Endometriosis is a condition where tissue similar to that of the lining of the womb grows in other places such as the Ovaries, Fallopian tubes, the Bladder and even the Bowels. In rare occasions, Endometriosis can spread beyond the Pelvis, and grow on the Diaphragm, Lungs and Brain. Symptoms can include heavy periods, painful sex, pelvic pain, nausea and infertility. Endometriosis is currently up for debate as to whether it’s actually an autoimmune disease, which would then mean that women suffering severely would get more recognition and the disease would be vastly understood, as with many other autoimmune disorders.

I was relatively pain free for years, and in 2017 I even wrote a post about my experience with the condition, however I spoke too soon. In 2018 my periods did start to return to their awful selves and for a week every month I was doubled over in pain and swallowing tablet after tablet, however I managed.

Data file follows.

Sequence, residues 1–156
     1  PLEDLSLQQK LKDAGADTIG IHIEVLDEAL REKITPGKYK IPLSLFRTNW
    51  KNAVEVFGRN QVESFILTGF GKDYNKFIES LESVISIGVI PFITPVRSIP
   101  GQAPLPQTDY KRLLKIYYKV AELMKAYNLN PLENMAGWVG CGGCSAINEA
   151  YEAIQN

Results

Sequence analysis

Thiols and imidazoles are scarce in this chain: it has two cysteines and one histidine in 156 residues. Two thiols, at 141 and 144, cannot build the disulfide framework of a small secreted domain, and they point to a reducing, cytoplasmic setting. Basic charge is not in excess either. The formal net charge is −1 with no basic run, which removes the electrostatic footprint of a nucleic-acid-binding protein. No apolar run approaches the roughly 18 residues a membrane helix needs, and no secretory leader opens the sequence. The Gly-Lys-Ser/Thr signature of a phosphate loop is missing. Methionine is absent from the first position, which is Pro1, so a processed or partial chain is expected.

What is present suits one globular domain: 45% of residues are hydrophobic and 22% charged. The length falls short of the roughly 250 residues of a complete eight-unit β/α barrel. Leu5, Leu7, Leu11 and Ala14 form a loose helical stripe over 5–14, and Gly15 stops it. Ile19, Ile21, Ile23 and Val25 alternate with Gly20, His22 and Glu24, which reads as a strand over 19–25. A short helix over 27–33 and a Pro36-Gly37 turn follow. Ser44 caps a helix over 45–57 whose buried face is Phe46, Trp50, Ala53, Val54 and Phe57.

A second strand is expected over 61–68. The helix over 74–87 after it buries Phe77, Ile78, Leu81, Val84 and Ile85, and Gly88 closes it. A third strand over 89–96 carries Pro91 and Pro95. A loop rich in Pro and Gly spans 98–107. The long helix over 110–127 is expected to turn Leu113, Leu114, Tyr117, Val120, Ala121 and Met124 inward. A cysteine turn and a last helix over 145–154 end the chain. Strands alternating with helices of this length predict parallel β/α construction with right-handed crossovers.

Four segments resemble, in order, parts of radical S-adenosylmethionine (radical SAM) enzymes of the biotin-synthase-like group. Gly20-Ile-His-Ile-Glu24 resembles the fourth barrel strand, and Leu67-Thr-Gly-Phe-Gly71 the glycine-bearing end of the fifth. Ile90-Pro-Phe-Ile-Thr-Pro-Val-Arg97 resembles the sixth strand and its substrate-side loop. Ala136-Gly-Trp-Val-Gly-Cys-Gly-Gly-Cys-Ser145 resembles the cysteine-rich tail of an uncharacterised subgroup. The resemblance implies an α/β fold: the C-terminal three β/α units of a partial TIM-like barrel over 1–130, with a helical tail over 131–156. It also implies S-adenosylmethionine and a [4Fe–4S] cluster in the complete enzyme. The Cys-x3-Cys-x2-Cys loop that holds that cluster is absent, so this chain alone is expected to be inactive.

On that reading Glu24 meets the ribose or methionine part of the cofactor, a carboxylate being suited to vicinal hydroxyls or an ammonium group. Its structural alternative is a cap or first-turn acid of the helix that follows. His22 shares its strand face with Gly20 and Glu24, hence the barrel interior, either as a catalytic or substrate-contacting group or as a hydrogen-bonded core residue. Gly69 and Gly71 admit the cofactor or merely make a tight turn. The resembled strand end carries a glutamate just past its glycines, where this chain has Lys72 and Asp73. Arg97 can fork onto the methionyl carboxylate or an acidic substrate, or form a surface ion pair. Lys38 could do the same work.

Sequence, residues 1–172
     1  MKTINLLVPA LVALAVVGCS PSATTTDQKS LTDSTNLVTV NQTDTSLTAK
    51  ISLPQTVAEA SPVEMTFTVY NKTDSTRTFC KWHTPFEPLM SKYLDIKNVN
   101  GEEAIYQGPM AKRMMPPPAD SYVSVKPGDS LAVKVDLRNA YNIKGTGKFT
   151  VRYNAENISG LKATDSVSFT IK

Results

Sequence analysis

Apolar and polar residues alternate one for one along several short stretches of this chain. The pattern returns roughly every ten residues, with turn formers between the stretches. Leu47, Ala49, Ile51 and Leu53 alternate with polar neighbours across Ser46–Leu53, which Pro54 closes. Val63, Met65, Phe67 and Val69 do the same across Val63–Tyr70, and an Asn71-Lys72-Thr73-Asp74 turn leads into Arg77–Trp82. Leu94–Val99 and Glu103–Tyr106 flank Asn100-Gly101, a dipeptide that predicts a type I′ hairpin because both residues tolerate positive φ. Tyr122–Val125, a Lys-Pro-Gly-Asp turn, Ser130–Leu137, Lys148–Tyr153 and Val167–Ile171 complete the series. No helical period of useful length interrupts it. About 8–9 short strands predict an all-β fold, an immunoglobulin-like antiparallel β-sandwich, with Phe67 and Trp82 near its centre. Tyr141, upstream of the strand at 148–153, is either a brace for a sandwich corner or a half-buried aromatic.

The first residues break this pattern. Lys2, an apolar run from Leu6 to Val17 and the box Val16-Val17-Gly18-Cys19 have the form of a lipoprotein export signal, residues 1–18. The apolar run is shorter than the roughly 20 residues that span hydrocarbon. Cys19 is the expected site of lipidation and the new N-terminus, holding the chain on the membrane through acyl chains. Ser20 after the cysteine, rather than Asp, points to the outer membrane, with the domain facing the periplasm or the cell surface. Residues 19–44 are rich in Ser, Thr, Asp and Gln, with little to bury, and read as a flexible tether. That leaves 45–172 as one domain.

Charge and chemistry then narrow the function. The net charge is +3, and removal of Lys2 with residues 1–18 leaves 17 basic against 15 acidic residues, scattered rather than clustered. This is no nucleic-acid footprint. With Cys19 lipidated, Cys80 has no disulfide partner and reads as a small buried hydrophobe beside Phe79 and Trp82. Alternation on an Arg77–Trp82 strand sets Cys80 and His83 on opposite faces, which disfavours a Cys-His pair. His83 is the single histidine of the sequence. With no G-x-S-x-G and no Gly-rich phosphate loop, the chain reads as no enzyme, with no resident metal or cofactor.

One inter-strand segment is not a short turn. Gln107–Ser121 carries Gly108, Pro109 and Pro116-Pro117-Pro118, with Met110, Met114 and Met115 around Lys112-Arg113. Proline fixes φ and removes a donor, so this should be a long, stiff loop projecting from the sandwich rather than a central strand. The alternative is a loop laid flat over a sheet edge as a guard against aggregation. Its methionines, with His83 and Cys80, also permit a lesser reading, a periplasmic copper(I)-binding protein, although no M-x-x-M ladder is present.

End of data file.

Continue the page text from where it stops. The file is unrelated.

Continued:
In July 2019 I had just flown home from Tenerife and was working my first shift back at work when I had to go to A&E. I hadn’t felt myself for a couple of days but it wasn’t something that required immediate attention, however this particular day the pain was so bad I could barely stand. After seven hours in A&E I was admitted to hospital with suspected Gallstones and again, made to swallow a cocktail of drugs every few hours. The pain was horrific. Again, I won’t bore you with the details and I’ll cut to the chase; nothing was found. No Gallstones, no blockage, no infection. I was sent away with a possible diagnosis of a UTI with advice to seek medical attention with my GP should it continue. Well it did, for another six weeks. I went back and forth from Doctor to Doctor until one particular female Doctor tested me for just about everything that could possibly be causing the pain, and referred me to the Gynaecology team at the Outpatients.